Extremism exists in every major faith, and sometimes turns violent
It must be emphasized, however, that the vast majority of fundamentalists in all three religions do not take part in acts of terror, but are simply struggling to live a religious life in a world that they feel is inimical to faith.
In all three faiths, history has shown that suppression tends to make fundamentalists more extreme, providing them with more proof that society wants to destroy religion. And these movements all distort the faith and tend to the kind of nihilism we saw in New York and Washington last week.
What kind of Muslim is Osama bin Laden? What is the background of his movement?
Osama bin Laden is from Saudi Arabia, where a particular form of Islam, Wahhabism, is practiced. Wahhabism was an 18th century Muslim reform movement, not unlike Puritanism in Christianity. It wanted to get back to the sources of the faith, get rid of accretions and additions, and all foreign influence. Thus Wahhabis wanted to eliminate the practice of Sufism, the mysticism of Islam, which developed after Muhammad's time; it was deeply opposed to Shiite Islam, another later development. And Wahhabis wanted to rid Islam of all foreign influence. Instead, they wanted to go back the bedrock message of the Quran, and renew the faith by going back to the sources.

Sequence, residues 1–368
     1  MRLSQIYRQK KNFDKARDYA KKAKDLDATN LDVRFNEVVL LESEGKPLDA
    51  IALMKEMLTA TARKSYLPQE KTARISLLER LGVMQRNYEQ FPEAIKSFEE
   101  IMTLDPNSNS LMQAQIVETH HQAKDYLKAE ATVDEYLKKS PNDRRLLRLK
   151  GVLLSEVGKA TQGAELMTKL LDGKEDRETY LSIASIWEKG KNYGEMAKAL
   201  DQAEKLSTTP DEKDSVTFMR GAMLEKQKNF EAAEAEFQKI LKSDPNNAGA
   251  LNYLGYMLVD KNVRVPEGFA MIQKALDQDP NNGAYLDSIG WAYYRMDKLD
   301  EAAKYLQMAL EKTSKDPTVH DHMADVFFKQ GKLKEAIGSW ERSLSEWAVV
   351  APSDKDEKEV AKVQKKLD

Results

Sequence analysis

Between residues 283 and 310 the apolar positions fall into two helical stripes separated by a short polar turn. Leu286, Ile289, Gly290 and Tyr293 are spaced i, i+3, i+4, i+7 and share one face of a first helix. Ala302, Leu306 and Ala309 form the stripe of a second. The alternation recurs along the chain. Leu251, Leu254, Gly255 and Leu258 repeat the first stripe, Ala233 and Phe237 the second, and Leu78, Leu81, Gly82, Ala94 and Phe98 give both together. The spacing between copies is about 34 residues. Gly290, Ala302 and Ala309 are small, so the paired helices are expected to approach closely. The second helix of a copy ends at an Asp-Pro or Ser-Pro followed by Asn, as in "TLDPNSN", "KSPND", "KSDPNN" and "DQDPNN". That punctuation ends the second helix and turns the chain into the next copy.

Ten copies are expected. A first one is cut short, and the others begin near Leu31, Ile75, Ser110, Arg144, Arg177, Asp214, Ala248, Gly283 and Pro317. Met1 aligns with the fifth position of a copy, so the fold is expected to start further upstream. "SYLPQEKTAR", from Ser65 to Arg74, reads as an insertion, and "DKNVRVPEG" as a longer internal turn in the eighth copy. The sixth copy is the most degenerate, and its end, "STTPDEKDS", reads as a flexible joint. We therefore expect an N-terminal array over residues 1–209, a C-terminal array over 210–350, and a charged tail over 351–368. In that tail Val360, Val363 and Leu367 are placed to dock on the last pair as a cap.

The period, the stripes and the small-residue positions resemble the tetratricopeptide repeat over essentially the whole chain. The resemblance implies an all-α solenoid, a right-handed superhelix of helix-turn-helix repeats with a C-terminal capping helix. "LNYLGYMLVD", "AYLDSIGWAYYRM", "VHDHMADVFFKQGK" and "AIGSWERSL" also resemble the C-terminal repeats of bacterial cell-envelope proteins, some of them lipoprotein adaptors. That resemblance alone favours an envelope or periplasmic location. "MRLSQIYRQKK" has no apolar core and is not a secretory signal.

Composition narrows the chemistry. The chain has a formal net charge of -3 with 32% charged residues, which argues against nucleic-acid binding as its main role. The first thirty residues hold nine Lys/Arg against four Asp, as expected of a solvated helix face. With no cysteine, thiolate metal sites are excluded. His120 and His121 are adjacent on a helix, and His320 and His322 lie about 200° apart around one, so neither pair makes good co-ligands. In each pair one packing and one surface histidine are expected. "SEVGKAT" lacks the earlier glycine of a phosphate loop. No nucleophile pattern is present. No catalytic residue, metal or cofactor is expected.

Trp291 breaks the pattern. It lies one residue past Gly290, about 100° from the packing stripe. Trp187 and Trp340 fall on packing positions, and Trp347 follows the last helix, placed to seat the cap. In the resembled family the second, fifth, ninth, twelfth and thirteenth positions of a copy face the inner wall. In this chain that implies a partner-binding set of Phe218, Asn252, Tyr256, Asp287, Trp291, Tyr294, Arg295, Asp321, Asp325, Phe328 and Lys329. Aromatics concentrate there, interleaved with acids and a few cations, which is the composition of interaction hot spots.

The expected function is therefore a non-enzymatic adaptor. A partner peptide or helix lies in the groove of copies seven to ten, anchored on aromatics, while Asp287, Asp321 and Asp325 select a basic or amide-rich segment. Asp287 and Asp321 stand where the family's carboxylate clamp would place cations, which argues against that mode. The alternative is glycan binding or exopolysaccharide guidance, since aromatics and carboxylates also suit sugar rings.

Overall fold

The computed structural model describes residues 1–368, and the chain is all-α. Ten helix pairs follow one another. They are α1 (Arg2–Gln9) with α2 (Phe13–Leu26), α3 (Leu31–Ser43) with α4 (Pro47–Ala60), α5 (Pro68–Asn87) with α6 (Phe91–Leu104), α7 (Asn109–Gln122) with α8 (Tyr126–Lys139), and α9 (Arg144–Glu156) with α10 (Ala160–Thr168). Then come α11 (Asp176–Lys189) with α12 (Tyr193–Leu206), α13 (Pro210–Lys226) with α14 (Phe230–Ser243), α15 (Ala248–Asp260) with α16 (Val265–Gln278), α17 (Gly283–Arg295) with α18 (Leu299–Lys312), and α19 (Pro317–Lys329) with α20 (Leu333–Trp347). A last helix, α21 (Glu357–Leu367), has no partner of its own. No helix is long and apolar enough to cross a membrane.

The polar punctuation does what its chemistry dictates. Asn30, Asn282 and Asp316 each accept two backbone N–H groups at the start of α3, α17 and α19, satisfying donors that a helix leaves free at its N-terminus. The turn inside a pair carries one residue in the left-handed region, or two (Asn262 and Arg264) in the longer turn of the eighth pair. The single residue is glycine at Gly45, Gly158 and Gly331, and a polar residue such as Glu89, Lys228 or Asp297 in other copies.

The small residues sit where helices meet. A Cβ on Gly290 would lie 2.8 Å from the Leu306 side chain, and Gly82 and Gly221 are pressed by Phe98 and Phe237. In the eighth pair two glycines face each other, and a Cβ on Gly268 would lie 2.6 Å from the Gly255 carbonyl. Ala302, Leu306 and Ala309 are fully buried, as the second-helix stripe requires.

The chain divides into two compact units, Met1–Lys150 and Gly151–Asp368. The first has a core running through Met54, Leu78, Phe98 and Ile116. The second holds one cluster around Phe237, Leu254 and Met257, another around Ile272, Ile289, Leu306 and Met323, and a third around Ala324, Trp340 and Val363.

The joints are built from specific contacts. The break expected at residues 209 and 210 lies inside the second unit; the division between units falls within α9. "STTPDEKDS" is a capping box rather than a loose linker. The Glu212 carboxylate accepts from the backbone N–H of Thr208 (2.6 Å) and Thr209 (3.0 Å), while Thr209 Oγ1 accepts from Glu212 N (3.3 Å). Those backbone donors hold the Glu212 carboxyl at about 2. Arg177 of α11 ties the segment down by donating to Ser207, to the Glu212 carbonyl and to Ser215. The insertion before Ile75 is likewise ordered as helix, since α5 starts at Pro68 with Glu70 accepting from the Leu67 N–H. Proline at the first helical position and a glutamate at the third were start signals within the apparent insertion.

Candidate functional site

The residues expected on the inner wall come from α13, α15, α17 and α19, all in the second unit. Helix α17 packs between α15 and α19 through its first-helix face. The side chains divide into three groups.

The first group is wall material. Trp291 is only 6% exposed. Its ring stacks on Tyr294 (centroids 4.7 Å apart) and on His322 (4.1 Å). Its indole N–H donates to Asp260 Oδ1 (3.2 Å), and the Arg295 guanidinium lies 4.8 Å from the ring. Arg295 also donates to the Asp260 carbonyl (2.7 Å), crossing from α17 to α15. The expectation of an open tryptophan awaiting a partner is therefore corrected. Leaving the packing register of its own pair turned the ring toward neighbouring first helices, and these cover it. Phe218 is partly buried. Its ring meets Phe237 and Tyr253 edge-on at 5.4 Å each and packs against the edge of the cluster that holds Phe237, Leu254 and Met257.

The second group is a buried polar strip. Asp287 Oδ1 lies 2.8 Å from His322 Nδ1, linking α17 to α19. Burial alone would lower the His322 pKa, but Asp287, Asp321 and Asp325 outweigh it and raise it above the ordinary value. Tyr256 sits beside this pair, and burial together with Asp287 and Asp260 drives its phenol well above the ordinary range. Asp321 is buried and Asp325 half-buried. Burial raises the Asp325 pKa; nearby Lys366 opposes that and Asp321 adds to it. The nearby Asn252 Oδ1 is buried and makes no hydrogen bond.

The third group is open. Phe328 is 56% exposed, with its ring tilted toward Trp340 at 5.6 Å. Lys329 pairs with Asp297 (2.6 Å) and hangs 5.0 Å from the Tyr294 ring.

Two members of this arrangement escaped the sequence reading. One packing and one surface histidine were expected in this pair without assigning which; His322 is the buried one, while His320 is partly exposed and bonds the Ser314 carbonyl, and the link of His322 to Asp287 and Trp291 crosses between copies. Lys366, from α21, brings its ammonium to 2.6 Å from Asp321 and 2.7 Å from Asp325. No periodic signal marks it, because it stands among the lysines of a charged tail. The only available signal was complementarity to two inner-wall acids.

Bin Laden believes that the Saudi rulers are corrupt and that the Kingdom of Saudi Arabia is not living up to the purity of the Islamic ideal. Like most Sunni fundamentalists, he has been influenced by the Egyptian ideologue Sayyid Qutb, who was executed by President Jamal Abdul Nasser in 1966.